The most incisive guide to issues facing the American family today . . . An invaluable resource for anyone wishing to stay on the cutting edge of research on family trends.

-W. Bradford Wilcox
Associate Professor of Sociology, University of Virginia 

Summer
2013

Trying to Account for the Marriage Premium


Bryce J. Christensen and Nicole M. King


Researchers are continually awed by the concept of the marriage premium—the wage increase that occurs after marriage, particularly for men. Most cite “specialization” as the most likely cause. When a couple marries, the individual partners divide duties in such a way as to increase the wife’s share of household duties, thus allowing the husband more time for paid labor. Alexandra Killewald and Margaret Gough, researchers from Harvard, seek to study the marriage premium more rigorously to determine likely causes. Specifically, they hypothesize that if specialization is indeed the reason that men tend to earn more after marriage, specialization should also cause women to earn less.

Using data from the 1979-2008 waves of the National Longitudinal Survey of Youth, the researchers used fixed-effects models that control for selection and test the data in various ways. One model estimates the “total relationship between family status change and wages,” the so-called Total Effect. The second controls for time-use specialization (hours worked and labor market experience) so as to study the “mediating role of employment hours.” The third model “tests the mediating role of job traits and tenure,” thus “further narrowing the gender gap in the marriage premium.”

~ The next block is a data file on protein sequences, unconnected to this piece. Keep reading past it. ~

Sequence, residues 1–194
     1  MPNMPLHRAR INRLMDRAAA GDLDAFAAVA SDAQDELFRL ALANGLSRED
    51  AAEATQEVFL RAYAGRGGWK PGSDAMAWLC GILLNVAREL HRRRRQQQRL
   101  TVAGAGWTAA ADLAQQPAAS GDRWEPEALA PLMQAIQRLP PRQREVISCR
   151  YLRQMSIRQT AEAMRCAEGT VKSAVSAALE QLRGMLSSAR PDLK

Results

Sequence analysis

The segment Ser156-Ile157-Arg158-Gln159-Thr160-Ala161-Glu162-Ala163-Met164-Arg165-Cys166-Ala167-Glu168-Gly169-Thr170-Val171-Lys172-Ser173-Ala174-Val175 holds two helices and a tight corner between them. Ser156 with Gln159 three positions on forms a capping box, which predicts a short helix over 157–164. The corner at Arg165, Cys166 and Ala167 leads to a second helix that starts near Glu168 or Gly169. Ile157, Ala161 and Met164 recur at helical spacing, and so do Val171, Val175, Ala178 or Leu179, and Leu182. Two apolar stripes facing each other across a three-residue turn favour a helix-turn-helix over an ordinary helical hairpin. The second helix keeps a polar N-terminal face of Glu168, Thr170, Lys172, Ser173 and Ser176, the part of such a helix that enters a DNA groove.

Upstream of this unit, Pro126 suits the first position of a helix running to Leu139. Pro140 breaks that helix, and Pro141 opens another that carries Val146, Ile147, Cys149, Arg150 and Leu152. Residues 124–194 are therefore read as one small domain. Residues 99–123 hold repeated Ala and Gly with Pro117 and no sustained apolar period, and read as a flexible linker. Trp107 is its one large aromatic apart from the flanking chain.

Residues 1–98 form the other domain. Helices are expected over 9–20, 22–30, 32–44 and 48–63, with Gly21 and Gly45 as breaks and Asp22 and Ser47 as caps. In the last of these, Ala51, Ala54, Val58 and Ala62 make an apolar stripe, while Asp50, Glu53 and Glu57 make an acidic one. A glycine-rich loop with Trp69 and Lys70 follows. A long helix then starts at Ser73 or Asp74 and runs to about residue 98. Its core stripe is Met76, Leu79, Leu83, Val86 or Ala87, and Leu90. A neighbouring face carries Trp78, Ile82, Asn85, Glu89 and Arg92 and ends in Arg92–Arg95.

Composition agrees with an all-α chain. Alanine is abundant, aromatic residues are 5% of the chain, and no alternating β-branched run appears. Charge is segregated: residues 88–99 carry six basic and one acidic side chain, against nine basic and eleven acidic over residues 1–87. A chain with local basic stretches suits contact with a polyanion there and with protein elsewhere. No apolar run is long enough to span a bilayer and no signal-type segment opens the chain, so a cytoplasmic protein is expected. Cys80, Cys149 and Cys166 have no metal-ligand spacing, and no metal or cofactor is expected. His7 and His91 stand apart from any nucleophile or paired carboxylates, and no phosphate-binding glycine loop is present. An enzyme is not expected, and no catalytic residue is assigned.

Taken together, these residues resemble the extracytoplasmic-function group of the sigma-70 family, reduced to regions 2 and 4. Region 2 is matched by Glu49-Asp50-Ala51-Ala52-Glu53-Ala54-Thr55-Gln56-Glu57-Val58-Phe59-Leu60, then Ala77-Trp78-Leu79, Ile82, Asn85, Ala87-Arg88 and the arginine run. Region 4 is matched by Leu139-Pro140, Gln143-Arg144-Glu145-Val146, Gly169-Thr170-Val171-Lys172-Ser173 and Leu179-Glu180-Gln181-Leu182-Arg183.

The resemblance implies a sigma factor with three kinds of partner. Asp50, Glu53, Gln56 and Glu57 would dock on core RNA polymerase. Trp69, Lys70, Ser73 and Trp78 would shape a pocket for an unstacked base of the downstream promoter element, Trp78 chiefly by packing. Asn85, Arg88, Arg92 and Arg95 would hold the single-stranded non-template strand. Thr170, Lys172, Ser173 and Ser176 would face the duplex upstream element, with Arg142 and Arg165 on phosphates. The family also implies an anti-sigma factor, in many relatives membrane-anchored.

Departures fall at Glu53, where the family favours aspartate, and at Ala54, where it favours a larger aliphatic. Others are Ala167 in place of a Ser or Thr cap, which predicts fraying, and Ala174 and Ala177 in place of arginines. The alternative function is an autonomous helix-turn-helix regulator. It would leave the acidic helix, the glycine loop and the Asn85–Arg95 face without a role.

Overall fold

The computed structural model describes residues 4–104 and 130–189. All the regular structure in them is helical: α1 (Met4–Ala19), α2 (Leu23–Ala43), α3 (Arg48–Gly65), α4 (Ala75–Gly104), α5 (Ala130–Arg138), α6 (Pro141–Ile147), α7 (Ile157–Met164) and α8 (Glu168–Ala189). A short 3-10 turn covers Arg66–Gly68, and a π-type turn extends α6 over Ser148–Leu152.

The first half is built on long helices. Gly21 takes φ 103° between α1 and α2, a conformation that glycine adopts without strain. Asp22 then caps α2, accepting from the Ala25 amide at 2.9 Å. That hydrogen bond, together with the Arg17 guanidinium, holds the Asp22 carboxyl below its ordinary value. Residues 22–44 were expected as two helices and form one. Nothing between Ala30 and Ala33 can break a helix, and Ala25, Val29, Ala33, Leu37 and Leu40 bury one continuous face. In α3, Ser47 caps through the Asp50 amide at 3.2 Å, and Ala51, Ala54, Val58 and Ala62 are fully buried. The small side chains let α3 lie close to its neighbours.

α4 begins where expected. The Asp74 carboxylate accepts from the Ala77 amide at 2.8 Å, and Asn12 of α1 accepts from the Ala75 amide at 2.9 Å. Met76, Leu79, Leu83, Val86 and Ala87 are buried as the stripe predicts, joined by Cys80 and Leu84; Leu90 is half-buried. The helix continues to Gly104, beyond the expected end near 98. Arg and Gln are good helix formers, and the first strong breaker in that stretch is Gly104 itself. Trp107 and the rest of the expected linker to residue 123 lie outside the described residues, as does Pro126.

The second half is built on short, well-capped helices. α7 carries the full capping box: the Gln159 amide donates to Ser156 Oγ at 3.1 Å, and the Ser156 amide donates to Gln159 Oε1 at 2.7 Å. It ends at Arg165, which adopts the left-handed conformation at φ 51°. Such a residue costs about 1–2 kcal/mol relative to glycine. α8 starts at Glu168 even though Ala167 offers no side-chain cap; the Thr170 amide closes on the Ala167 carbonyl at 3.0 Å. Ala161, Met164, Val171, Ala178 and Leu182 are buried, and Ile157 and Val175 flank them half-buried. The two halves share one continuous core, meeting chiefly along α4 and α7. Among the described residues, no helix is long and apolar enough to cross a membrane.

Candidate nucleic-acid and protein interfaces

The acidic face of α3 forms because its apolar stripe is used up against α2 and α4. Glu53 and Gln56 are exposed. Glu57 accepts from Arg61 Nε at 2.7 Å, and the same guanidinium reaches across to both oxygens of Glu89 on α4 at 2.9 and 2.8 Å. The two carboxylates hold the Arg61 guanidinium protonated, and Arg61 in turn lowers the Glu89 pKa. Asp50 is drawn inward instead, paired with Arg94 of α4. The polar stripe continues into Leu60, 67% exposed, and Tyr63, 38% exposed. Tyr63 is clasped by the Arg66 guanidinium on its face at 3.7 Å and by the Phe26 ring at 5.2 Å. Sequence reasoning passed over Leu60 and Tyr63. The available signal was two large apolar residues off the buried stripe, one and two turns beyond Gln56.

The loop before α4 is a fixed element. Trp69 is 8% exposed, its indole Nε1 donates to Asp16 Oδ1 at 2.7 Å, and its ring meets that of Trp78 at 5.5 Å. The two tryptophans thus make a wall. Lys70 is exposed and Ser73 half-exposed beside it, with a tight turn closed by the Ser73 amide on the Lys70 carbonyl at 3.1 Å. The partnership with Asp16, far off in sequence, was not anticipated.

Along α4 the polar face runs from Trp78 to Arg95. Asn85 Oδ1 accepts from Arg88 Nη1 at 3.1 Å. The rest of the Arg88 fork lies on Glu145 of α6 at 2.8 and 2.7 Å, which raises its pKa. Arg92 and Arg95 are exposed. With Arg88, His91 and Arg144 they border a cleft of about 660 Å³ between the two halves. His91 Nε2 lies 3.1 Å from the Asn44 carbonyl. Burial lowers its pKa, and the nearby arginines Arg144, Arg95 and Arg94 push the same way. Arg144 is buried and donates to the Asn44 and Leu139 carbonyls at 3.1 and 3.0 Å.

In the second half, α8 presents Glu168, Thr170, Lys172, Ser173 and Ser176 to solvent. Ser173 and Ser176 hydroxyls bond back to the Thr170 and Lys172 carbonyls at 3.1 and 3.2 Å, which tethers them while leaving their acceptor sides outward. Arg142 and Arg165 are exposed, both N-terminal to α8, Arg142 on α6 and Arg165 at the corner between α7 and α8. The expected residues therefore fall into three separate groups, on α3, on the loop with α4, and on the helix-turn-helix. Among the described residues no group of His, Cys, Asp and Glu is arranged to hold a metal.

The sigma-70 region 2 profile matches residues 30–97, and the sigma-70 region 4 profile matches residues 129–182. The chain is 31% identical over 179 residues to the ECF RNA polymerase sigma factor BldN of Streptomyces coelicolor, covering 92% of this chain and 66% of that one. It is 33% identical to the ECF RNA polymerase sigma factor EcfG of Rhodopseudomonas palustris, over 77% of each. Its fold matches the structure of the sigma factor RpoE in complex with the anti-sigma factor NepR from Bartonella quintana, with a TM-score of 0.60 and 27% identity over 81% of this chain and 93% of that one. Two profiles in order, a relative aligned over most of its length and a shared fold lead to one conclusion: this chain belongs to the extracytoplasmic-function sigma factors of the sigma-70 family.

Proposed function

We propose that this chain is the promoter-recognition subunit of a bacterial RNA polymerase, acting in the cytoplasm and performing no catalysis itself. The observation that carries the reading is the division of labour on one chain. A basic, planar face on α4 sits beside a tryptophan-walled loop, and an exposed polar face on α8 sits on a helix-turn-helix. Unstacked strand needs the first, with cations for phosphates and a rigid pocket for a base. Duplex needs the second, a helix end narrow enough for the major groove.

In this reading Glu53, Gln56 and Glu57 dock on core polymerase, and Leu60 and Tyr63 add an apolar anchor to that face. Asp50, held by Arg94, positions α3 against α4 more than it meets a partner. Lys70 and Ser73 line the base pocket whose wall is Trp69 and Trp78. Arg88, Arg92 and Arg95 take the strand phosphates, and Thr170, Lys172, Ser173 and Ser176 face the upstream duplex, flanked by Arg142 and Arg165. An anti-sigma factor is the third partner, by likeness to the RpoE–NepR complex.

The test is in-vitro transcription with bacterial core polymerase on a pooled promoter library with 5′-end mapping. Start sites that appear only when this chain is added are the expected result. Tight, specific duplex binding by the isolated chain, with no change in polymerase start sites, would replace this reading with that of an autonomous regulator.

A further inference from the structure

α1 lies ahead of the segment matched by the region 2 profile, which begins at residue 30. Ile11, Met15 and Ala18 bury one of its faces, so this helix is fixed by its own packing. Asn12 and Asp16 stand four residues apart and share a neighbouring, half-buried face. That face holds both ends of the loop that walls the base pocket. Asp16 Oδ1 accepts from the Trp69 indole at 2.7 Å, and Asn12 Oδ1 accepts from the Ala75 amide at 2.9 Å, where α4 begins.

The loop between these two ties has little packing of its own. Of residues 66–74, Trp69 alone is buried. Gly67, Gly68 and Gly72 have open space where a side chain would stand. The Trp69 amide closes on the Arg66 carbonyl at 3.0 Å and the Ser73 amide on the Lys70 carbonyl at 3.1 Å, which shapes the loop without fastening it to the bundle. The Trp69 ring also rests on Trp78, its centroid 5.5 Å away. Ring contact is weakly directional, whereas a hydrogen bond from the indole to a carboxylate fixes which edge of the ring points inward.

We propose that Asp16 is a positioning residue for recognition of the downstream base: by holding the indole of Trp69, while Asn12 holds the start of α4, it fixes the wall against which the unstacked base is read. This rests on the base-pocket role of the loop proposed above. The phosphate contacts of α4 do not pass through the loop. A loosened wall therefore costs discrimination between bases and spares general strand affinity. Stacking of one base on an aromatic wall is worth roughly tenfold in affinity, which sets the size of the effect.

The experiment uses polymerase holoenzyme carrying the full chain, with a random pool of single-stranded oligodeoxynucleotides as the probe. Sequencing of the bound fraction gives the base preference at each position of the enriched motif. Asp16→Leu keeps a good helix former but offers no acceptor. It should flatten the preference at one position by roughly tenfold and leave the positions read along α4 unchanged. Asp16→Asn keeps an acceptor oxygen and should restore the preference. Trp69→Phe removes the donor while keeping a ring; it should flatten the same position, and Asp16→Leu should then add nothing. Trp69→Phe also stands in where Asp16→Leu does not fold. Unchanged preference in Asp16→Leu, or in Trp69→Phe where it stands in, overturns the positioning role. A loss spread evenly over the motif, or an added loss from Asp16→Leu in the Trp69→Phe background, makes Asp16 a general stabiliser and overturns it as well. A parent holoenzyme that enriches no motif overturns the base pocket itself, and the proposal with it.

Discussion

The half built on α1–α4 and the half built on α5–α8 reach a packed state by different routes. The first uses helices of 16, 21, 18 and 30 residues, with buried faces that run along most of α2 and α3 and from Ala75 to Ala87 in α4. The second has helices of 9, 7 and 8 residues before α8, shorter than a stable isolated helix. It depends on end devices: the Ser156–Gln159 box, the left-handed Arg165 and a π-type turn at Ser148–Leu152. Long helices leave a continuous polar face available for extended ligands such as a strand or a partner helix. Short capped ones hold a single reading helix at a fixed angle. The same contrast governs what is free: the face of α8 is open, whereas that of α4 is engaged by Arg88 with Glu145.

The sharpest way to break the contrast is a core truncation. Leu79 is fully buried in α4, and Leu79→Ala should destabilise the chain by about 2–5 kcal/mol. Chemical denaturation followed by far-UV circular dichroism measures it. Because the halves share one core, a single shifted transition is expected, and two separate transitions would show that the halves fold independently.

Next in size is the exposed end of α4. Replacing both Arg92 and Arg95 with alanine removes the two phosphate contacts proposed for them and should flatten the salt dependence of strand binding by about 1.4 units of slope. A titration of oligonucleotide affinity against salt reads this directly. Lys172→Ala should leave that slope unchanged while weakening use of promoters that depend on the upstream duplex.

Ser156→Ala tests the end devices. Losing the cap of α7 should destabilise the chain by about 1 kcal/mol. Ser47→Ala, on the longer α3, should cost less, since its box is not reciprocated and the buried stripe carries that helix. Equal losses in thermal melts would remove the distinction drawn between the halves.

The results of all three models demonstrate that even childless married couples seem to specialize in duties, though to a lesser extent than do married couples. The data indicate that for men, specialization does indeed explain wage increases: “Changes in men’s employment hours, job traits, and tenure associated with marriage and married fatherhood explain a portion of these wage gains.” The researchers highlight that although specialization at least partly explains the effect on men’s wages, it does not account for the changes in women’s wages: “Marriage and cohabitation are associated with wage gains for childless women, not wage losses as predicted by specialization. . . . Furthermore, if anything, marriage alters women’s employment hours, job traits, and tenure in ways beneficial to their wages.”

Killewald and Gough conclude by calling for further research, as specialization does not, in fact, entirely explain the marriage premium, particularly for women. They speculate that men may earn more than women at marriage because “transitions to marriage and married parenthood may encourage men’s sense of responsibility,” whereas “single women already possess these positive traits or because gendered norms of family behavior place less emphasis on financial providership for women.” Whatever the reason, the results are clear: Marriage is related to an increase in wages, for both husbands and wives.

(Alexandra Killewald and Margaret Gough, “Does Specialization Explain Marriage Penalties and Premiums?” American Sociological Review 78.3 [2013]: 477-502.)

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